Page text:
| > Conclusion|| |
In summary, we conclude that in our series, 43.1% of AML cases showed aberrant lymphoid antigens. CD7 was the most common aberrant lymphoid antigen expressed in AML. FAB subtype AML-M3 is not associated with the expression of aberrant lymphoid antigens. Childhood Ly + AML cases are not associated with adverse presenting clinical and hematological factors. Adult AML cases with higher WBC count (>50,000/mm3), higher blast count% (>70%), and expression of CD34 antigen are more likely to express aberrant lymphoid antigens. The identification of these aberrant phenotypes may help in making a proper diagnosis, monitoring minimal residual disease, and making alternate treatment decisions. Longer period studies evaluating the treatment responses in these patients are needed to definitely comment on the prognostic significance of expression of aberrant markers in AML cases.
| > References|| |
Ball ED, Davis RB, Griffin JD, Mayer RJ, Davey FR, Arthur DC, et al.
Prognostic value of lymphocyte surface markers in acute myeloid leukemia. Blood 1991;77:2242-50.
Reading CL, Estey EH, Huh YO, Claxton DF, Sanchez G, Terstappen LW, et al.
Expression of unusual immunophenotype combinations in acute myelogenous leukemia. Blood 1993;81:3083-90.
Bhushan B, Chauhan PS, Saluja S, Verma S, Mishra AK, Siddiqui S, et al.
Aberrant phenotypes in childhood and adult acute leukemia and its association with adverse prognostic factors and clinical outcome. Clin Exp Med 2010;10:33-40.
Macedo A, Orfão A, Vidriales MB, López-Berges MC, Valverde B, González M, et al.
Characterization of aberrant phenotypes in acute myeloblastic leukemia. Ann Hematol 1995;70:189-94.
Khalidi HS, Medeiros LJ, Chang KL, Brynes RK, Slovak ML, Arber DA, et al.
The immunophenotype of adult acute myeloid leukemia: High frequency of lymphoid antigen expression and comparison of immunophenotype, French-American-British classification, and karyotypic abnormalities. Am J Clin Pathol 1998;109:211-20.
Bahia DM, Yamamoto M, Chauffaille Mde L, Kimura EY, Bordin JO, Filgueiras MA, et al.
Aberrant phenotypes in acute myeloid leukemia: A high frequency and its clinical significance. Haematologica 2001;86:801-6.
El-Sissy AH, El-Mashari MA, Bassuni WY, El-Swaayed AF. Aberrant lymphoid antigen expression in acute myeloid leukemia in Saudi Arabia. J Egypt Natl Canc Inst 2006;18:244-9.
Ossenkoppele GJ, van de Loosdrecht AA, Schuurhuis GJ. Review of the relevance of aberrant antigen expression by flow cytometry in myeloid neoplasms. Br J Haematol 2011;153:421-36.
Bennett JM, Catovsky D, Daniel MT, Flandrin G, Galton DA, Gralnick HR, et al.
The morphological classification of acute lymphoblastic leukaemia: Concordance among observers and clinical correlations. Br J Haematol 1981;47:553-61.
Zheng J, Wang X, Hu Y, Yang J, Liu J, He Y, et al.
Acorrelation study of immunophenotypic, cytogenetic, and clinical features of 180 AML patients in China. Cytometry B Clin Cytom 2008;74:25-9.
Legrand O, Perrot JY, Baudard M, Cordier A, Lautier R, Simonin G, et al.
The immunophenotype of 177 adults with acute myeloid leukemia: Proposal of a prognostic score. Blood 2000;96:870-7.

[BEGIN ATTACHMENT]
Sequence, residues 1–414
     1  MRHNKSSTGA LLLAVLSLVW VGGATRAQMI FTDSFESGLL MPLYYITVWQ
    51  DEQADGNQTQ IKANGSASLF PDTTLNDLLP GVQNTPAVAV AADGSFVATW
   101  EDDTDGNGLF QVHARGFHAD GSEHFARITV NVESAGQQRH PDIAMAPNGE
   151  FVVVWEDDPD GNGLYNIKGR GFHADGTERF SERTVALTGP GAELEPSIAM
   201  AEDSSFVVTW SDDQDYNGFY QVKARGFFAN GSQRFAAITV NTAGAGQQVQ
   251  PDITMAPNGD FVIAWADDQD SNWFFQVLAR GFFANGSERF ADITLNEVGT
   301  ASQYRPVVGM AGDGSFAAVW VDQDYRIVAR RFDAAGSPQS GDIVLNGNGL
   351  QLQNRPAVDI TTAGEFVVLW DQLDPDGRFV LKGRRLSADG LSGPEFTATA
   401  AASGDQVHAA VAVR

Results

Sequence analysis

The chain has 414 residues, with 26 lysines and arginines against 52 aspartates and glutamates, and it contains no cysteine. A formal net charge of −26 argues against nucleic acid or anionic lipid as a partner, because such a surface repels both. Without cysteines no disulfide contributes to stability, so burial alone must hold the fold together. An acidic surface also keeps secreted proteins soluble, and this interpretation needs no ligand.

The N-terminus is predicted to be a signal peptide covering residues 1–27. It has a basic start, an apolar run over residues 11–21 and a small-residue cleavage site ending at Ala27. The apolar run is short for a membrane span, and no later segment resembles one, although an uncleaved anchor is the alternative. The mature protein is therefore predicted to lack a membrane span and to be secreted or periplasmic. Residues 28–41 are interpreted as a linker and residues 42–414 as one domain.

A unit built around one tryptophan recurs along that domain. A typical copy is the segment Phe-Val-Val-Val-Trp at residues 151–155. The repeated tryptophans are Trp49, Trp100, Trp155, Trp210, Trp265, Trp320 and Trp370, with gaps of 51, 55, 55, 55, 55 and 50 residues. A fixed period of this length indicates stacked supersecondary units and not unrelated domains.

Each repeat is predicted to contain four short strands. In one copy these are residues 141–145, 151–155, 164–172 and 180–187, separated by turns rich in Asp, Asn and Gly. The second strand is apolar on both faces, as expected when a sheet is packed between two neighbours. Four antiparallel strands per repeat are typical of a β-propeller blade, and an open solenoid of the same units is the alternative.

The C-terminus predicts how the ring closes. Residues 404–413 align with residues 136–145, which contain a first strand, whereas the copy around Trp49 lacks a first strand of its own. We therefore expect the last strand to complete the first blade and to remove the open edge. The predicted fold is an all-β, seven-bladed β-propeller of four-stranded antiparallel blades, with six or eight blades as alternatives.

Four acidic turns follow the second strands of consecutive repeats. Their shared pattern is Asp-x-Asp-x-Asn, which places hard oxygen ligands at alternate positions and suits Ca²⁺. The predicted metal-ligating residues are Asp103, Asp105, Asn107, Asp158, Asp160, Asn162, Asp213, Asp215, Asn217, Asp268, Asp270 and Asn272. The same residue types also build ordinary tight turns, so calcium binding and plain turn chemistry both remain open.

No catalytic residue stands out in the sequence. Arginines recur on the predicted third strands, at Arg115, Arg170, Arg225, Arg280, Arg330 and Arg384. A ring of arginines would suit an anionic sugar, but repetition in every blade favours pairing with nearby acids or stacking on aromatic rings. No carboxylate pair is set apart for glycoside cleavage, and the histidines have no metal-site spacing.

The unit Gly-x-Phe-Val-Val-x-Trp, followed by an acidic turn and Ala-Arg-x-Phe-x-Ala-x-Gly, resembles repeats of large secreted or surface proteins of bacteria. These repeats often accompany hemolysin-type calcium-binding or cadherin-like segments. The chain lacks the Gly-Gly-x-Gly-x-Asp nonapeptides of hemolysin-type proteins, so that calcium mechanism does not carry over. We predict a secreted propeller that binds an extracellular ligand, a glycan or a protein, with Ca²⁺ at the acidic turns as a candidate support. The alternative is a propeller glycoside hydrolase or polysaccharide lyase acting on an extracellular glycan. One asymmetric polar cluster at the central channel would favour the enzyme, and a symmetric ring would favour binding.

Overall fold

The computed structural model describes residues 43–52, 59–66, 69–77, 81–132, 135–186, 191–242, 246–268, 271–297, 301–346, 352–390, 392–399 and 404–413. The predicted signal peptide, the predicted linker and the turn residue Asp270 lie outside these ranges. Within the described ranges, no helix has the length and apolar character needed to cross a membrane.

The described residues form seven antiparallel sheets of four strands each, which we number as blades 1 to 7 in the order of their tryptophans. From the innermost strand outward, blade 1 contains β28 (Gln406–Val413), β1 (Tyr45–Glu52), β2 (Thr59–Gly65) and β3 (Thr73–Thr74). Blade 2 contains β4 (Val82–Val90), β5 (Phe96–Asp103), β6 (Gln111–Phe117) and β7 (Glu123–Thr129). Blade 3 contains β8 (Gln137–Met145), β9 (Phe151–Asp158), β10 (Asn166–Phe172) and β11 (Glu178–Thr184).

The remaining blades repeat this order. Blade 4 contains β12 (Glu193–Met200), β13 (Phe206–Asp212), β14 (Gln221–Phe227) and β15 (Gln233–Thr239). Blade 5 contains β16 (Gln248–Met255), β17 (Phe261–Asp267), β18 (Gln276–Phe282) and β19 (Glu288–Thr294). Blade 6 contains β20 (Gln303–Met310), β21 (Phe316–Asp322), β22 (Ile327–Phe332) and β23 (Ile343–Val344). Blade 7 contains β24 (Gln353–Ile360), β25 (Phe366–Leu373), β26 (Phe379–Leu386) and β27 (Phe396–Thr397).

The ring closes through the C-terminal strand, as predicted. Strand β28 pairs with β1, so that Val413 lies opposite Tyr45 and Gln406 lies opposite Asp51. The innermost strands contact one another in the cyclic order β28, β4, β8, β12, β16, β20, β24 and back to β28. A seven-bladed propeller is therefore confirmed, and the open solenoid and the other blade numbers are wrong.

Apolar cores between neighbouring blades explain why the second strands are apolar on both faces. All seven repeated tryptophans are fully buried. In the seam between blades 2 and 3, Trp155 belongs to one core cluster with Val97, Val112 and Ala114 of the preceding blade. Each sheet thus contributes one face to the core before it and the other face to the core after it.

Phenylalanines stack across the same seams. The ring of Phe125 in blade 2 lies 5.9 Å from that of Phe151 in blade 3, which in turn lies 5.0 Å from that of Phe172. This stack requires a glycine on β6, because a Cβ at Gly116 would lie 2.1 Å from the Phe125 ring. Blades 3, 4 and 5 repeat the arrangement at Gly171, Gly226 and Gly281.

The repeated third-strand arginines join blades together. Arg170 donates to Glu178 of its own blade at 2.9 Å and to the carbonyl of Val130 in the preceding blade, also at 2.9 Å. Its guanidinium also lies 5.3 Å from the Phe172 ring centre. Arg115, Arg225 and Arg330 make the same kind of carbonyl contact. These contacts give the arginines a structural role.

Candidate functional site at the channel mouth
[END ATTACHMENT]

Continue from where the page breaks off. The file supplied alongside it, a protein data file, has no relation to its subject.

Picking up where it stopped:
Chang H, Yeung J, Brandwein J, Yi QL. CD7 expression predicts poor disease free survival and post-remission survival in patients with acute myeloid leukemia and normal karyotype. Leuk Res 2007;31:157-62.
Ferrara F, Finizio O, Rosa CD, Mele G, Mettivier V, Rametta V, et al.
Acute myeloid leukemia expressing T-cell antigens: Clinico-hematological report on six cases. Leuk Lymphoma 1990;3:217-22.
Bradstock K, Matthews J, Benson E, Page F, Bishop J. Prognostic value of immunophenotyping in acute myeloid leukemia. Australian leukaemia study group. Blood 1994;84:1220-5.
Kita K, Miwa H, Nakase K, Kawakami K, Kobayashi T, Shirakawa S, et al.
Clinical importance of CD7 expression in acute myelocytic leukemia. The Japan cooperative group of leukemia/Lymphoma. Blood 1993;81:2399-405.
Chen SW, Li CF, Chuang SS, Tzeng CC, Hsieh YC, Lee PS, et al.
Aberrant co-expression of CD19 and CD56 as surrogate markers of acute myeloid leukemias with t(8;21) in Taiwan. Int J Lab Hematol 2008;30:133-8.
Jha R, Grover G, Bose P. Lymphoid associated antigen expression in new cases of acute myeloid leukemia. J Pathol Nepal 2013;3:487-90.
Thalhammer-Scherrer R, Mitterbauer G, Simonitsch I, Jaeger U, Lechner K, Schneider B, et al.
The immunophenotype of 325 adult acute leukemias: Relationship to morphologic and molecular classification and proposal for a minimal screening program highly predictive for lineage discrimination. Am J Clin Pathol 2002;117:380-9.
Smith LJ, Curtis JE, Messner HA, Senn JS, Furthmayr H, McCulloch EA, et al.
Lineage infidelity in acute leukemia. Blood 1983;61:1138-45.
Cross AH, Goorha RM, Nuss R, Behm FG, Murphy SB, Kalwinsky DK, et al.
Acute myeloid leukemia with T-lymphoid features: A distinct biologic and clinical entity. Blood 1988;72:579-87.
Drexler HG, Thiel E, Ludwig WD. Acute myeloid leukemias expressing lymphoid-associated antigens: Diagnostic incidence and prognostic significance. Leukemia 1993;7:489-98.
Kawai S, Zha Z, Yamamoto Y, Shimizu H, Fujimoto T. Clinical significance of childhood acute myeloid leukemias expressing lymphoid-associated antigens. Pediatr Hematol Oncol 1995;12:463-9.
Taussig DC, Vargaftig J, Miraki-Moud F, Griessinger E, Sharrock K, Luke T, et al.
Leukemia-initiating cells from some acute myeloid leukemia patients with mutated nucleophosmin reside in the CD34(-) fraction. Blood 2010;115:1976-84.
[Table 1], [Table 2], [Table 3], [Table 4]